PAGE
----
COOPERSTOWN, N.Y. – Dennis Eckersley's 24-year pitching career is divided to two separate and unique parts.
In the first half of his career, Eckersley was primarily a starter. For the final 12 years of his career, however, he was one of the game's most dominant closers. Together, Eckersley's success as both a starter and closer led him to enshrinement in the Baseball Hall of Fame.
Nineteen years ago this week, The Eck became the second pitcher to record a 50-save season.
On Sept. 21, 1992 Eckersley's Oakland Athletics were defeating the Chicago White Sox, 6-5, when Eckersley entered the game in the bottom of the ninth to face the White Sox's 3-4-5 batters. He retired the side: Forcing the first better to pop out, the second to strike out and the third to ground out. The Athletics got the win while Eckersley recorded his 50th save of the season.
Eckersley became the second pitcher ever to record 50 saves in a season, following Bobby Thigpen's 57-save campaign of 1990.
Eckersley would end the 1992 season with 51 saves. He was that year's recipient of the American League Cy Young Award receiving 19 of 28 Baseball Writers' Association of America first place votes.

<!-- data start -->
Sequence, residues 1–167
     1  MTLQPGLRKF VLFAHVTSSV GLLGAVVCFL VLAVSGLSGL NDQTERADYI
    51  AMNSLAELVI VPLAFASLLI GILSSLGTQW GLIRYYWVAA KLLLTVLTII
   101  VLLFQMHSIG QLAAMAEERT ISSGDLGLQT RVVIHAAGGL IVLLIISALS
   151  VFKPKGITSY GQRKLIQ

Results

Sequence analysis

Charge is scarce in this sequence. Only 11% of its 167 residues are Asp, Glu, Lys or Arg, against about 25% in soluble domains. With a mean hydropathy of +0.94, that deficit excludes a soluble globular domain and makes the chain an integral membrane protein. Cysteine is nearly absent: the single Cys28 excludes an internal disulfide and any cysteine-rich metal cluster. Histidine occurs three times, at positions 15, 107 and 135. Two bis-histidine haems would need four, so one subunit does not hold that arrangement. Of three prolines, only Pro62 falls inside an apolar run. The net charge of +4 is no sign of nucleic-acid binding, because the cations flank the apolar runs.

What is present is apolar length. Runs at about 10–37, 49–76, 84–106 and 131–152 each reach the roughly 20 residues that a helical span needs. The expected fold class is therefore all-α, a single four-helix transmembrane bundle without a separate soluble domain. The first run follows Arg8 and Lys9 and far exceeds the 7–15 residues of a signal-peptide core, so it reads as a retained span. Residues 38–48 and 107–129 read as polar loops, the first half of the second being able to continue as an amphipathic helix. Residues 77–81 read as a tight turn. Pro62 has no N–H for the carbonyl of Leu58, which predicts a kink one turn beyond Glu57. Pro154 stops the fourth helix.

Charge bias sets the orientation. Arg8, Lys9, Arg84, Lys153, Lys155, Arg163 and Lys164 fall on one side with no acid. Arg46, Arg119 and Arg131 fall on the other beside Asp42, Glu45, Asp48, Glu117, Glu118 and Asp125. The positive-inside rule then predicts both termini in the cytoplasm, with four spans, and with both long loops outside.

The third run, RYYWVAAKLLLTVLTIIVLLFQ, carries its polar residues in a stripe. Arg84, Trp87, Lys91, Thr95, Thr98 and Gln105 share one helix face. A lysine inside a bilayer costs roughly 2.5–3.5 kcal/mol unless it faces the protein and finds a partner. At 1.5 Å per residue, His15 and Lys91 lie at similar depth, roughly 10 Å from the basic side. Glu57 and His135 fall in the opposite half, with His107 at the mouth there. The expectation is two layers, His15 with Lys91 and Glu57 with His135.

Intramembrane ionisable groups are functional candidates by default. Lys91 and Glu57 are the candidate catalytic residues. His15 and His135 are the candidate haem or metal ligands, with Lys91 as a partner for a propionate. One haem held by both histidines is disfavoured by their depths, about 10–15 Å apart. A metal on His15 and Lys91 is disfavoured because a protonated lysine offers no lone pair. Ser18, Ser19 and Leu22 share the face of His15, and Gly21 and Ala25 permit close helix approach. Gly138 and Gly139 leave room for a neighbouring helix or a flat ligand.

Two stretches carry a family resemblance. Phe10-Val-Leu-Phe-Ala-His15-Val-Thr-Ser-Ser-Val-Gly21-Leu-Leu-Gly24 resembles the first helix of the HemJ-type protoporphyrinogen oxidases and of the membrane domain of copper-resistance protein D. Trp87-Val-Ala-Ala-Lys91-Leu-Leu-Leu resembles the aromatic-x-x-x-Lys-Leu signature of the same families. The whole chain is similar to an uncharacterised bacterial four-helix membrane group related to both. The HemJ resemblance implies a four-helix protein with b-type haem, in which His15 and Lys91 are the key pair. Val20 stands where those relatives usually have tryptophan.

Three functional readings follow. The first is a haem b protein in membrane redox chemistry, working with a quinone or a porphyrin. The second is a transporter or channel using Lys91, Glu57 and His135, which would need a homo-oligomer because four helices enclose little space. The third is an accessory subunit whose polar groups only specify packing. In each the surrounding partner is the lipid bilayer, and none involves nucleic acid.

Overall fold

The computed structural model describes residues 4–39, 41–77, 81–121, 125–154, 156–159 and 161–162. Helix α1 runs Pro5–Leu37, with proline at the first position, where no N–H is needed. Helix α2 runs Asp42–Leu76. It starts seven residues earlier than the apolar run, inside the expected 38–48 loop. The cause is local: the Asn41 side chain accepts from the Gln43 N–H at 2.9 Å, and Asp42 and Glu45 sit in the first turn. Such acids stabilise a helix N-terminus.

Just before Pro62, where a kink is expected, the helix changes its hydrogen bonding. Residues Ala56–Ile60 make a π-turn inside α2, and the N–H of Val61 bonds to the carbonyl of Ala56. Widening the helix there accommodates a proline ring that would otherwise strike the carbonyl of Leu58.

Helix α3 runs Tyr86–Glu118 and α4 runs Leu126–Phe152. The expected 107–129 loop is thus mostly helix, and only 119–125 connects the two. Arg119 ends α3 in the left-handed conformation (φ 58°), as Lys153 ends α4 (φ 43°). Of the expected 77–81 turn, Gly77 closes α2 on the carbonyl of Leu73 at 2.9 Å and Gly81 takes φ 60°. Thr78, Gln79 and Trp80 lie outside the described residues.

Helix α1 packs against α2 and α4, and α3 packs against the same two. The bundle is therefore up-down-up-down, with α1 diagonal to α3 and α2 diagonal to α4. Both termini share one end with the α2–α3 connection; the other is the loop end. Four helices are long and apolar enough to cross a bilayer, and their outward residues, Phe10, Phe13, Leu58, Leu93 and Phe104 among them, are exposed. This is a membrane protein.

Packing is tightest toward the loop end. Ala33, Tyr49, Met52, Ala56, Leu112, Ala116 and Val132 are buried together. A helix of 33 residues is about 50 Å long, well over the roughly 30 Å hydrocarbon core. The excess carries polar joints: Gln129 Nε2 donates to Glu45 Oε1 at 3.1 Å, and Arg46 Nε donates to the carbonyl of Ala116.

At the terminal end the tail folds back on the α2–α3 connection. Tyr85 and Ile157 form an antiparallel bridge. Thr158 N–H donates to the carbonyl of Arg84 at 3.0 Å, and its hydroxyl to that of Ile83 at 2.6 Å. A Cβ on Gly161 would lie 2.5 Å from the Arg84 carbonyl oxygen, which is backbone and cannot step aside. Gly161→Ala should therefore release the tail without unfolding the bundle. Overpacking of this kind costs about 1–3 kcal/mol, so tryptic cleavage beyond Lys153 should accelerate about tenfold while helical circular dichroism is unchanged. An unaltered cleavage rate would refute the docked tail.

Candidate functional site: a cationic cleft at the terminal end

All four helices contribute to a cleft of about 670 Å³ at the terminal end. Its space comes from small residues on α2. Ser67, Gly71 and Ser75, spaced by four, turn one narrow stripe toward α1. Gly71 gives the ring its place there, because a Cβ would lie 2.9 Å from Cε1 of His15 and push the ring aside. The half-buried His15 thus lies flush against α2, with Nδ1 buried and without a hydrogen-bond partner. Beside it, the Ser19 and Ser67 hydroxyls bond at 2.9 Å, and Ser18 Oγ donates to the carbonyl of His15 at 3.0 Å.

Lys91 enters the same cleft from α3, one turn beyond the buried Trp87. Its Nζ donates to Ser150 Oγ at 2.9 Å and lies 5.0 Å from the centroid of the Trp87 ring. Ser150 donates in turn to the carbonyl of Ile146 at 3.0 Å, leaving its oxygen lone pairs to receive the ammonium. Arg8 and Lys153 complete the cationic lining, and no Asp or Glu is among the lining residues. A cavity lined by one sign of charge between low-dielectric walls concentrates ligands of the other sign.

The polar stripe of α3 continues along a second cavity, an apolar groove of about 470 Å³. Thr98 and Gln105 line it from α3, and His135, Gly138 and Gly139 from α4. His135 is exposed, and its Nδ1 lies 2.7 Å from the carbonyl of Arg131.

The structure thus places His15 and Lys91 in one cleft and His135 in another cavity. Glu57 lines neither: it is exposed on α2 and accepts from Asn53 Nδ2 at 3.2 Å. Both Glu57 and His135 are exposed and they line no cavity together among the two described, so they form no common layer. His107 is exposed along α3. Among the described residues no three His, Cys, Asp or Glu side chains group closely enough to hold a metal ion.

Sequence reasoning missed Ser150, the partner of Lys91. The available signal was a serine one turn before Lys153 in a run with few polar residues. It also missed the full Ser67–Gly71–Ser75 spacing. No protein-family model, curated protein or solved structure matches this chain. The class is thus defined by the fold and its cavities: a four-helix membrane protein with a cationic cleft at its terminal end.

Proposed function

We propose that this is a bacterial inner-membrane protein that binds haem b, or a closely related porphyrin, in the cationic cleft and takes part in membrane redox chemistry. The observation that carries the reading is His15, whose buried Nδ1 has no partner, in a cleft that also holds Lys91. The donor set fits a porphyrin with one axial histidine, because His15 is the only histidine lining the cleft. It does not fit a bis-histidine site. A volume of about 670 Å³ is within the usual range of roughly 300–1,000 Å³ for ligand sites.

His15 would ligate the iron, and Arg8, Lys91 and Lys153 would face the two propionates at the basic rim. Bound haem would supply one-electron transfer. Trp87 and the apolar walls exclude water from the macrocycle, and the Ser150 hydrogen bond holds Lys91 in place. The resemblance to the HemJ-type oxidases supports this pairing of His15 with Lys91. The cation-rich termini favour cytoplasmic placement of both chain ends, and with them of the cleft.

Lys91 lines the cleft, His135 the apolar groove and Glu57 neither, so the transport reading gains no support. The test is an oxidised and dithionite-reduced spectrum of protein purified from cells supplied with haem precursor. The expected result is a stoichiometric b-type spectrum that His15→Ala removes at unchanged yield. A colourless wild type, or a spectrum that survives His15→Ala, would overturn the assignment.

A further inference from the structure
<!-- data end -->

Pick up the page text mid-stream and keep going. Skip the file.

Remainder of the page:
Eckersley was also selected as the 1992 American League Most Valuable Player.
"I couldn't imagine winning this award without a team like I had last year," Eckersley said of the 1992 Oakland Athletics after winning the Cy Young Award. "If we have terrible defense or if we stunk period, I'm not going to get that many chances. I'm lucky to be on a great team.
"There's a lot of deserving guys out there that have the everyday numbers," Eckersley said after receiving MVP honors. "Everything fell into place. These things come around once in a lifetime."
With more than 50 saves in 1992, Eckersley became the first of what would be two pitchers to have both a 50-save season and a 20-win season in the same career. In 2002, John Smoltz would record his 50th save and join Eckersley in this unique category.
Eckersley also remains the only pitcher in baseball to have pitched 100 complete games and recorded at least 100 saves in a career.
He began his career as a starter for the Cleveland Indians, debuting in the majors on April 12, 1975. That year he was named American League Rookie Pitcher of the Year, posting a 13-7 record and a 2.60 earned run average.
As a starter, Eckersley won 150 games. He also pitched a no-hitter on May 30, 1977.
Eckersley took on the role of closer in his first season with his hometown Oakland Athletics, 1987. In that role for most of the rest of his career, Eckersley saved 390 games. From 1988-93, Eckersley struck out 458 betters while walking just 51.
In 2004, in his first year of eligibility, the Baseball Writers' Association of America elected Eckersley to the National Baseball Hall of Fame.
"I always dreamed of being a Major League Baseball player, but I never dreamed of being in the Hall of Fame," Eckersley said in his induction speech. "I could have never envisioned myself standing next to my childhood idols, Juan Marichal and Willie Mays."
Nicole Pappas was the public relations intern in the Class of 2011 Frank and Peggy Steele Internship Program